“This has been a great year for African writing,” said South Africa’s Damon Galgut upon receiving the 2021 Booker Prize for his novel, The Promise. Several other African authors also snagged prestigious European literary prizes in 2021. They include Tanzania’s Abdulrazak Gurnah who won the Nobel Prize in Literature, Senegal’s David Diop who won the International Booker Prize for At Night All Blood Is Black, Senegal’s Mohamed Mbougar Sarr who won France’s Prix Goncourt for The Most Secret Memory of Men, and Mozambique’s Paulina Chiziane who won Portugal’s Camoes Award.
But how keen are Chinese publishers on Africa, arguably an “emerging” supply market in the Middle Kingdom? It is partly because of this that I run AfroLit4China, a bilingual database of African writing published in the Sinophone world since the 1980s.
There have been:
- 269 African works published in Chinese
- 106 African authors now available in Chinese
- 62 Chinese publishers with at least one African title
- 40 African titles released by People’s Literature Publishing House
- 16 African works published in China during 2020-21
Since the ‘80s brought the first wave of translated African literature in China, some 62 China-based publishers have released at least one African literary work. Five of them have purchased rights to at least 10 titles. They include Yilin Press, Foreign Literature Publishing House, and Zhejiang Literature and Art Publishing House, none of which published new titles in 2021.
Shanghai Translation Publishing House made itself the talk of China’s publishing circle in 2021 with its purchase of all ten novels by Gurnah. Editorial department director Feng Tao said that his firm aims to translate and publish five of Gurnah’s novels in 2022. With this, Shanghai Translation now owns the Chinese-language rights for more than 20 African books, including seven by another Nobel laureate, Egypt’s Naguib Mahfouz.
Other Chinese publishers with at least five translated African titles include Sino-Culture Press, specializing in North African literature; Citic Press, with six of Mozambique’s Mia Couto’s novels translated from the Portuguese; Thinkingdom Media; Taiwan’s Homeward Publishing, with novels from Francophone West Africa; Shanghai Literature and Art Publishing, with titles by Mahfouz and Nigeria’s Chimamanda Ngozi Adichie; Beijing Yanshan Press, with titles by two more Nobel laureates, Nigeria’s Wole Soyinka and South Africa’s Nadine Gordimer; and World Affairs Press, publisher of an anthology of poetry, some translated from indigenous African languages.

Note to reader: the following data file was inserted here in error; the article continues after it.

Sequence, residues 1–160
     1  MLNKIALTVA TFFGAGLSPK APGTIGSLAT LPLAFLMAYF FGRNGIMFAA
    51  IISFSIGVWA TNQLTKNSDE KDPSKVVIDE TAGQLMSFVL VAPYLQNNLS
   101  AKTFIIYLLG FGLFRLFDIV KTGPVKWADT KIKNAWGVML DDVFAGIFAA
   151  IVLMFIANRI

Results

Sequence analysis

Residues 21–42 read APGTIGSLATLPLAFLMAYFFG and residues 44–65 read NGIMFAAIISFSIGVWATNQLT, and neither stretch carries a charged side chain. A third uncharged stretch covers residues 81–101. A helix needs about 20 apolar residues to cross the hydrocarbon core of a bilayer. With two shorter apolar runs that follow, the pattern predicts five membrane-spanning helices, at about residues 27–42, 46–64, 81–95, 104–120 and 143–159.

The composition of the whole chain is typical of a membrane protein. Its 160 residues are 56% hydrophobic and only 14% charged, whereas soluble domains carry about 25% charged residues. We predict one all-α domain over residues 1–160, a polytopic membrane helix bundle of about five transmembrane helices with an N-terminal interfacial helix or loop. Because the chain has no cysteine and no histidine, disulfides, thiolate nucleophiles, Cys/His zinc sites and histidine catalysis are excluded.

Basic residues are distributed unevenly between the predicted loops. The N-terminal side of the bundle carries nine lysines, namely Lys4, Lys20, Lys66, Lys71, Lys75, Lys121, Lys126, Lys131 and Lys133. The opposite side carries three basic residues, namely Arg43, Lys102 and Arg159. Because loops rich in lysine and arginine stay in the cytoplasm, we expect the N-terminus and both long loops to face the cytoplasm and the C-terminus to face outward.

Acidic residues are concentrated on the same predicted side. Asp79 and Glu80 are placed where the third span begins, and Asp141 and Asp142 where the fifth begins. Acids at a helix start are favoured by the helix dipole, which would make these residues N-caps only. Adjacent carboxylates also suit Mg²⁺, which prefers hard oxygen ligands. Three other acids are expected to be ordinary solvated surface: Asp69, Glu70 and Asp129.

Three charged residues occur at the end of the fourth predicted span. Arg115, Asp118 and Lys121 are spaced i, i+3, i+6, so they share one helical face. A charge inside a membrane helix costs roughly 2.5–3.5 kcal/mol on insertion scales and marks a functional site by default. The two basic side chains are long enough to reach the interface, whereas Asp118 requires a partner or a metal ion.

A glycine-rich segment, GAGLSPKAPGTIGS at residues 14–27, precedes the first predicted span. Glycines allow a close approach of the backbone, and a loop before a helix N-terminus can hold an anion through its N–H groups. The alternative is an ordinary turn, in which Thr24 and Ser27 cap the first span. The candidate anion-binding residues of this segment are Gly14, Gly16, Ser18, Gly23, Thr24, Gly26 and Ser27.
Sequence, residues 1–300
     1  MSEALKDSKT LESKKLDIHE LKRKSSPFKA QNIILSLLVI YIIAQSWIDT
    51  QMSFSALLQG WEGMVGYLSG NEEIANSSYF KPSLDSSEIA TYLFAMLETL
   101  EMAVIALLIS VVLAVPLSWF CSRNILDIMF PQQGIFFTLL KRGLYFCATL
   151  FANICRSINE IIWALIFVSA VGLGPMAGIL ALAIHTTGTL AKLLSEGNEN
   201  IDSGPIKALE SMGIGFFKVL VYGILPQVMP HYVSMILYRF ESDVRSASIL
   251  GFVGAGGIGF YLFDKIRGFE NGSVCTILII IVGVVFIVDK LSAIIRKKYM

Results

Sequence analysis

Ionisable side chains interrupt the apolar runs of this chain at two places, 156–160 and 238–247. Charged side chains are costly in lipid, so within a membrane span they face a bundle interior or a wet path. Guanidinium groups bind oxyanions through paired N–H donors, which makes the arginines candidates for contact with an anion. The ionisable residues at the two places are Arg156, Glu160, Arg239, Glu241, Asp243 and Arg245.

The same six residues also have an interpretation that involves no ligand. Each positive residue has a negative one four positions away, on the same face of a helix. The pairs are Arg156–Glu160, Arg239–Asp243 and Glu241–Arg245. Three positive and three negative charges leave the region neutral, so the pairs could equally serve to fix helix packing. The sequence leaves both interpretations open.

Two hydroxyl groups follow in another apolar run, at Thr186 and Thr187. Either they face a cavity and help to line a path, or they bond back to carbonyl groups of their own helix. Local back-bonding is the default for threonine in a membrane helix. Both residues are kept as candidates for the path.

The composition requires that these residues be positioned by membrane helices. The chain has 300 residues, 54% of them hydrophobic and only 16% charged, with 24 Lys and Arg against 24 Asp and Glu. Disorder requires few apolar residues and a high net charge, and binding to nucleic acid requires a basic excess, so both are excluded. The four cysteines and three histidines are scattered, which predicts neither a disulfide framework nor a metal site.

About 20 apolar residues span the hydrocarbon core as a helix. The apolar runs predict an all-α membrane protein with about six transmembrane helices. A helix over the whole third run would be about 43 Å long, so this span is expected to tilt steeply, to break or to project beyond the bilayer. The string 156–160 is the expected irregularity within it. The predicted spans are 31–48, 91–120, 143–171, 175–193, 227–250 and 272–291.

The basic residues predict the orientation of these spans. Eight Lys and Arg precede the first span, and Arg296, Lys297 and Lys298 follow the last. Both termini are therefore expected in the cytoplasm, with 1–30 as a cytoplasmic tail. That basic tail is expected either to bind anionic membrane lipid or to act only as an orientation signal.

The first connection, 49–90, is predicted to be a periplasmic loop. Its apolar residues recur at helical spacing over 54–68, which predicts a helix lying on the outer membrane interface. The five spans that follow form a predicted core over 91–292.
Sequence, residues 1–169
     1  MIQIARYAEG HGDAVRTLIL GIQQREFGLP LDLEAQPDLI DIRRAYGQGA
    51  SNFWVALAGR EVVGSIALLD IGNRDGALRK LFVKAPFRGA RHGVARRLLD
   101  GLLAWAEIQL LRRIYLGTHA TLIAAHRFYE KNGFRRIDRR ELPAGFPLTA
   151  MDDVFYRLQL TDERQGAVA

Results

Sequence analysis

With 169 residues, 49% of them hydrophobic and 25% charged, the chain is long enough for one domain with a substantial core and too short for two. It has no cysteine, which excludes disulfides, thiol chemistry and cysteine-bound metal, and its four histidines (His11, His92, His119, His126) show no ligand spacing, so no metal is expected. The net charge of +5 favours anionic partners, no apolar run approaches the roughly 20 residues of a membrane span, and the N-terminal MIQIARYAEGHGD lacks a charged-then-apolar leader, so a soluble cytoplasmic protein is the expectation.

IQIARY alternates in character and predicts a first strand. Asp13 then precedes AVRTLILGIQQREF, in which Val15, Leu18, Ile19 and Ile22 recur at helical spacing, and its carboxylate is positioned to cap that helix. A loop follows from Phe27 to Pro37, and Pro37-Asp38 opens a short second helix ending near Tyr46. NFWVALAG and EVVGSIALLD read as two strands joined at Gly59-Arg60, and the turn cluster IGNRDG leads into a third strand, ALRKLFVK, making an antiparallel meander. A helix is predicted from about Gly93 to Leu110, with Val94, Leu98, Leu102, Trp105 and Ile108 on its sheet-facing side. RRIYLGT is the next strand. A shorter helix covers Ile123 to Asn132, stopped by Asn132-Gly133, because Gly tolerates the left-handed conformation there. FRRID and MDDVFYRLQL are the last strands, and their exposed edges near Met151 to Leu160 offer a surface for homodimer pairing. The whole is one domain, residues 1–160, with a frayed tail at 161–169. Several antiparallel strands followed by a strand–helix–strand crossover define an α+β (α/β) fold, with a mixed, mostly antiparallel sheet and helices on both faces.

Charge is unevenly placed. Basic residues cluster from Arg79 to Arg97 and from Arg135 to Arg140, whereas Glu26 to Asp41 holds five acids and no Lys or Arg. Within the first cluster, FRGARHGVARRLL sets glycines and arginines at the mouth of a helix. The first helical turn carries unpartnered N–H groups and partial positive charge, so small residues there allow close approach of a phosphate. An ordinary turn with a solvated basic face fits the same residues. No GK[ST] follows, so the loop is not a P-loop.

African Titles Published in China in 2020
Highlights include notable non-fiction books by South Africa’s Nelson Mandela and Nigeria’s Ngozi Okonjo-Iweala.
|My Sister, the Serial Killer||Oyinkan Braithwaite (Nigerian)||Guangxi Normal University Press|
|Fighting Corruption Is Dangerous: The Story Behind the Headlines||Ngozi Okonjo-Iweala (Nigerian)||China Fangzheng Press|
|Expedition to the Baobab Tree||Wilma Stockenström (SouthAfrica)||Sichuan People’s Publishing House|
|Teoria Geraldo Esquecimento||José Eduardo Agualusa (Angola)||Citic Press|
|Mémoires de porc-épic||Alain Mabanckou (Congo-Brazzaville)||Foreign Language Teaching and Research Press|
|Robert Shaaban: The Selected Poems||Robert Shaaban (Tanzania)||Shandong People’s Publishing House|
|African Literature: An Anthology of African Literary Criticism and Theory||Editors: Tejumola Olaniyan (Nigeria), Ato Quayson (Ghana)||East China Normal University Press|
|Indaba, My Children||Vusamazulu Credo Mutwa (South Africa)||Zhejiang Gongshang University Press|
|The Prison Letters of Nelson Mandela||Nelson Mandela (South Africa)||Shandong University Publishing House|
African Titles Published in China in 2021
Highlights include four new works by Kenya’s Ngũgĩ wa Thiong’o. With 12 books, he is one of Africa’s most published authors in Chinese.
|An Orchestra of Minorities||Chigozie Obioma (Nigeria)||Hunan Literature & Art Publishing House|
|Jiki Magayi: An Anthology of Hausa Literature||Abubakar Imam, Abubakar Tafawa Balewa, Muhammadu Gwarzo, and John Tafida (Nigeria)||East China Normal University Press|
|The Death of Jesus||J. M. Coetzee (South Africa)||People’s Literature Publishing House|
|Birth of a Dreamweaver: A Writer’s Awakening||Ngũgĩ wa Thiong’o (Kenya)||People’s Literature Publishing House|
|Dreams in a Time of War||Ngũgĩ wa Thiong’o (Kenya)||People’s Literature Publishing House|
|In the House of the Interpreter: A Memoir||Ngũgĩ wa Thiong’o (Kenya)||People’s Literature Publishing House|